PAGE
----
Medjine Antoine-Bellamy has many years of experience in administration and management in private, non-governmental and nonprofit organizations. Passionate about project management, Medjine has participated in the coordination of several projects within non-profit organizations in Montreal, and has also worked on projects in Latin America and the Caribbean. Outside of work, Medjine is involved in various organizations in the Haitian community in the hopes of promoting Afro and Haitian cultures.
Julia was born and raised in the Québec City area but has been living in Tiohtià:ke (Montreal) for over ten years. After studying international development and community economic development, she worked in the community sector on a range of issues, including intellectual disability and food security. Her passion for social justice and Indigenous rights led her to work as a Health Coordinator at Québec Native Women, then as Coordinator for Youth Fusion in the Innu community of Ekuanitshit. Julia is now continuing her work at Youth Fusion as Project Manager for Inuit communities. She loves to cook, be surrounded by nature, and sing at karaoke.
Richenda Grazette has worked in fundraising at À Deux Mains/Head & Hands for the last three years while studying Women’s Studies and Ethnic & Race Studies at McGill. Her passions include anti-racism work, Rihanna, and collage.
Samuel Raymond is currently a community organizer in a community housing organization for independent seniors. Since 2012, he has been particularly involved in university student unionism, unionism in the health sector during the strike against austerity of 2015, in a support organization for newcomers, in the organization of the World Social Forum 2016 in Montreal, in various artistic projects and in the creation of a forum on the ecological transition in the summer of 2018. His academic experiences are nourished by various disciplines: law, anthropology, music, management and social animation. He is currently studying at the DESS in Community Economic Development at Concordia. His passions are music, social animation and history.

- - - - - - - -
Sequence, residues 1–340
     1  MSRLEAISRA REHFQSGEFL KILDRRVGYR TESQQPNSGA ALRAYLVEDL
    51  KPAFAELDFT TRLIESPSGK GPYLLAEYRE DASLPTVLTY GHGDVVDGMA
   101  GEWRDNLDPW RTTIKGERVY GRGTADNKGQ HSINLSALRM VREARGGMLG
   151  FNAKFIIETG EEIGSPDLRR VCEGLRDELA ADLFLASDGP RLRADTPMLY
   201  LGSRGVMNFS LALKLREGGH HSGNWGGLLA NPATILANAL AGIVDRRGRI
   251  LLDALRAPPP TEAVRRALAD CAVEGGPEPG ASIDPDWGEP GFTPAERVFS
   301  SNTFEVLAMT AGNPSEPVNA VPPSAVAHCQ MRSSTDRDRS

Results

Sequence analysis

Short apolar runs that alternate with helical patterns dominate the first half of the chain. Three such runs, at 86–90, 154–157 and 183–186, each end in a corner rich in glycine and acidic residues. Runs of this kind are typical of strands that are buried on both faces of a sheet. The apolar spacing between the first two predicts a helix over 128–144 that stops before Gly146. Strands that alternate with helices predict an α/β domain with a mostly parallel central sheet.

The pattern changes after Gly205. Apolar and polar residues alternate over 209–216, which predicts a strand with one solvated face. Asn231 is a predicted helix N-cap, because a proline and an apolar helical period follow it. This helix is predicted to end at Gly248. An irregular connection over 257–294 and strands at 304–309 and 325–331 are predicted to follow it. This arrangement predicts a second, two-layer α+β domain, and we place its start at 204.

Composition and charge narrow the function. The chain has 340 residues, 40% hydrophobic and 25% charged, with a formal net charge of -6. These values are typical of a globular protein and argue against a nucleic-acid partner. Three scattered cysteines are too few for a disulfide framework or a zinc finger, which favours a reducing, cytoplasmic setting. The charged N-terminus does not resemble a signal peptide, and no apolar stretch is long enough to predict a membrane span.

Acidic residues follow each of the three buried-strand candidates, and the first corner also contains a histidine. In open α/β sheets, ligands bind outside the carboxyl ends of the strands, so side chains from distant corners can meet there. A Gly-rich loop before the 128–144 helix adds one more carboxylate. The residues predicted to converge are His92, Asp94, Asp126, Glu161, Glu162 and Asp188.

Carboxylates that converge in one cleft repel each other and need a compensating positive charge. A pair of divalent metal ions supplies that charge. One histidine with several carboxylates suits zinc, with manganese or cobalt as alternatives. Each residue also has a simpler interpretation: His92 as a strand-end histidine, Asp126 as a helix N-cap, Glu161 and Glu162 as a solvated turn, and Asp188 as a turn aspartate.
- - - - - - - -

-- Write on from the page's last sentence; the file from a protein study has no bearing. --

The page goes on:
Sara Kendall is an educator and facilitator, currently teaching urban geography and climate justice at Dawson College. She was a co-founder and co-director of Kite’s Nest, a center for liberatory education for youth in Hudson, New York, where she continues to work as Communications Director. She has an interdisciplinary MA from Concordia. Sara has been part of community organizing efforts against gentrification, for migrant justice, and for racial justice in the education and child welfare systems. She’s especially passionate about multigenerational movement-building, and likes making (and then letting go of) meeting agendas.
Afreina Noor has fifteen years of diversified work experience across the non-profit, corporate, and electronic news sectors across Asia, Africa, and North America. In 2006 she co-founded the largest running network of non-profits in Pakistan with a nationwide presence of 30 member organizations. In 2012 she worked as an International Volunteer with vulnerable and orphan children in Botswana. In 2015 she was part of a core team handpicked to steer a thriving company to embrace digital change and create new digital verticals. In 2020 she helped a small start-up climb the value ladder and gear up for exponential growth.
Currently Afreina hosts an online talk show “Conversations with Women Immigrants in Montreal” and is working as the Communications Officer at the Quebec Writers’ Federation. Occasionally she blogs for Vent Over Tea. Afreina is a Fulbright scholar and holds a Master of Public Administration from UPenn. She lives in downtown Montreal with her husband and cat.
Born and raised in Montréal, to Trinidadian and Jamaican parents, Ushana Houston has been Director at O3 since October 2018.